“When the Son of Man comes in his glory, and all the angels with him, he will sit on his glorious throne. All the nations will be gathered before him, and he will separate the people one from another as a shepherd separates the sheep from the goats. He will put the sheep on his right and the goats on his left.
“Then the King will say to those on his right, ‘Come, you who are blessed by my Father; take your inheritance, the kingdom prepared for you since the creation of the world. For I was hungry and you gave me something to eat, I was thirsty and you gave me something to drink, I was a stranger and you invited me in, I needed clothes and you clothed me, I was sick and you looked after me, I was in prison and you came to visit me.’” …
This passage isn’t like other parables Jesus told. He left no ambiguity here about his topic or thesis. He said straight out what He was about to describe. One day, He will come in glory with the heavenly host and sit on his throne to divide people into two categories. It will be like a shepherd separating sheep and goats. That’s when the parable begins, but there’s no mistaking that Jesus is telling us about something very real that will happen when He returns. There are a number of things that make this parable challenging for us. As we read further, we will need to address what the parable teaches about salvation and the necessity of good works, but for now let’s focus on the challenging idea of Jesus separating humanity into two distinct groups. Sheep and goats. Good and bad. Worthy and unworthy.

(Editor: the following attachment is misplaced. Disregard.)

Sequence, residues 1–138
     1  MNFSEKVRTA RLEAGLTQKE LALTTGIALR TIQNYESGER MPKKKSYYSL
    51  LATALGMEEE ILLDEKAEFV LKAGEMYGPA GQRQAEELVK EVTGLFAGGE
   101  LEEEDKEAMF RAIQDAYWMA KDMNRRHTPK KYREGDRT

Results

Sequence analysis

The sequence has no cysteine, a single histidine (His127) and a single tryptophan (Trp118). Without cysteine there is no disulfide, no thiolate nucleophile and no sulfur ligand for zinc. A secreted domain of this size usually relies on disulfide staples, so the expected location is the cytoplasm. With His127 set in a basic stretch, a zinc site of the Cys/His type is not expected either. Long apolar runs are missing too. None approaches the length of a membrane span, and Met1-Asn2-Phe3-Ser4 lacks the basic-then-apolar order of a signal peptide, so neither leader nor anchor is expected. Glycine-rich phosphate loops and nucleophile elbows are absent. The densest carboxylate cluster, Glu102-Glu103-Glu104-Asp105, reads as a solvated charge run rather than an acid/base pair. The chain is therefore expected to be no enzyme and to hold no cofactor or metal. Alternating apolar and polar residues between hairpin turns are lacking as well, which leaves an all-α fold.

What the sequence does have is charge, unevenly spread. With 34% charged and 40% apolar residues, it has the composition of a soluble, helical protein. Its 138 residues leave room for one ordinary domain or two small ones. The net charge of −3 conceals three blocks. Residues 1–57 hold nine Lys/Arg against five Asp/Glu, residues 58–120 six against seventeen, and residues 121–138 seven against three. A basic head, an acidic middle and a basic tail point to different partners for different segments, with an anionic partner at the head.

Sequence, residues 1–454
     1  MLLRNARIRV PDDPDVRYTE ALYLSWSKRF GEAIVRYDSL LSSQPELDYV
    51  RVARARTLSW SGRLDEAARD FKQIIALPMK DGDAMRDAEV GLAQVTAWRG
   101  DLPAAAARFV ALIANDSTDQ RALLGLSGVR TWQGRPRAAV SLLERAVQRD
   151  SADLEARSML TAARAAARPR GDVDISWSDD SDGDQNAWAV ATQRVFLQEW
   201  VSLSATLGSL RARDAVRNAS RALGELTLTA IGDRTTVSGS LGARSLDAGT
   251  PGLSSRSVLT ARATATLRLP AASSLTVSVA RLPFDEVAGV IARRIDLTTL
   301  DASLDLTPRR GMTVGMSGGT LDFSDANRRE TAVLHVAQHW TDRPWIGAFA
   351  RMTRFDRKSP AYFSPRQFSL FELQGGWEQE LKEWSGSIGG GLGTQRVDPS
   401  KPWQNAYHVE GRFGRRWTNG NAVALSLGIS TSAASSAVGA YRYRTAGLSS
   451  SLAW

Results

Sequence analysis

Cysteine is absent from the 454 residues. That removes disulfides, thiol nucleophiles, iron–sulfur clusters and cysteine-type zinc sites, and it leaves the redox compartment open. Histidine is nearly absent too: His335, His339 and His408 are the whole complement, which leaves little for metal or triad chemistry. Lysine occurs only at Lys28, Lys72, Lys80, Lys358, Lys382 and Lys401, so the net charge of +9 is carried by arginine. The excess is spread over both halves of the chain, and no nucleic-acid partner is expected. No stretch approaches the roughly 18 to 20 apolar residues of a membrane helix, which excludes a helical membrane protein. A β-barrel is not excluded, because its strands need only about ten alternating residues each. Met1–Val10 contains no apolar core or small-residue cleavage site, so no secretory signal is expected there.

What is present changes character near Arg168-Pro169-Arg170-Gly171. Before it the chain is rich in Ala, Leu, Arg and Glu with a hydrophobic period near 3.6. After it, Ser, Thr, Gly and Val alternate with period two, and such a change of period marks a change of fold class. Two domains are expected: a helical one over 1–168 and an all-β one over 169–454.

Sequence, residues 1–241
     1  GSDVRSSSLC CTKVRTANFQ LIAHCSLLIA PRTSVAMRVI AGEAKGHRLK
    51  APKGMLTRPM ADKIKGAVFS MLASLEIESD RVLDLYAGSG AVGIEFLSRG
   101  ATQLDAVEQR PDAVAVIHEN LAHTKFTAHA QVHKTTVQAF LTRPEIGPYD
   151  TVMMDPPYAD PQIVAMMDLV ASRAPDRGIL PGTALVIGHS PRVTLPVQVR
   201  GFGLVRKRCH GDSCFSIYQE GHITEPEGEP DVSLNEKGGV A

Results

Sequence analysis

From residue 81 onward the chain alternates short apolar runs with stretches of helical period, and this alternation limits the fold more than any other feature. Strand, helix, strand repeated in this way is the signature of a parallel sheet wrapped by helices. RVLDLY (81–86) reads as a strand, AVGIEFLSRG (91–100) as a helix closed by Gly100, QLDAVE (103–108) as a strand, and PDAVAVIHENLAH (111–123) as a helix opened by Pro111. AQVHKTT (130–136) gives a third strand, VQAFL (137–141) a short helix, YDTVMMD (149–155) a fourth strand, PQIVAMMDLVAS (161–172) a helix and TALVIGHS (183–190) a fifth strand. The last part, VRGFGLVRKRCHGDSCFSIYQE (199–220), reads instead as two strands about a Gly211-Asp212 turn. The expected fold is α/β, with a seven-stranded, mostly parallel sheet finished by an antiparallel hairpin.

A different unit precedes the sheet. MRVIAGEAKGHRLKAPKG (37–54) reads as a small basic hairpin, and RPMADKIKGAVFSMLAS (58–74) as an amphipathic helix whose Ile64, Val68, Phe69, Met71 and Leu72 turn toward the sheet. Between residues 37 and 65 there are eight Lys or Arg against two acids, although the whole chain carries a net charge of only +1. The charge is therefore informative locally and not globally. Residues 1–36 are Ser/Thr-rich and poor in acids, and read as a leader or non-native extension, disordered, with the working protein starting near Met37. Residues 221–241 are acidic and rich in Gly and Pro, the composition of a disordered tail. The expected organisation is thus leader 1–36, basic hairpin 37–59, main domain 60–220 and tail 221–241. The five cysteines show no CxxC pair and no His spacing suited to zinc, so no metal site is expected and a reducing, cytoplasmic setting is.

We struggle with the notion of drawing lines of division between people because, well, who am I to judge? I know I’m a sinner and am not worthy of God’s unending love. While I may look down on the sins of others, I need to be careful not to condemn someone else for the same sin that I commit. Maybe it’s easy to pick out some of the goats, the really bad people who do terrible things, but most people’s lives seem more grey than black or white, sort of good and sort of bad all mixed together. So, how am I supposed to tell the difference between the sheep and the goats? Here’s the thing: that’s not my job, and it’s not yours either. Jesus is the only one who will sit on that throne and do the work of separating.
Our calling is not to play judge or jury over the lives of others. No, our calling is to live out genuine faith by doing the things the King witnessed his good sheep doing. Feed the hungry. Give refreshing water to the thirsty. Welcome strangers. Clothe those in need. Care for the sick. Visit the outcast and imprisoned. Those are things good sheep do in service to their King. Those are things Jesus’ followers do to bring honor to his name. One day, Jesus will return and do his promised work of separating sheep and goats, and until then, we know exactly the type of things Jesus wants his sheep to do.
Father in Heaven, You are good and wise. Thank You for the promise that Jesus will return. May that day come soon! For now, help me to love others in Your name and to share with them the good news of salvation through Jesus. I pray in His name. Amen.
Pastor Mike Mirakian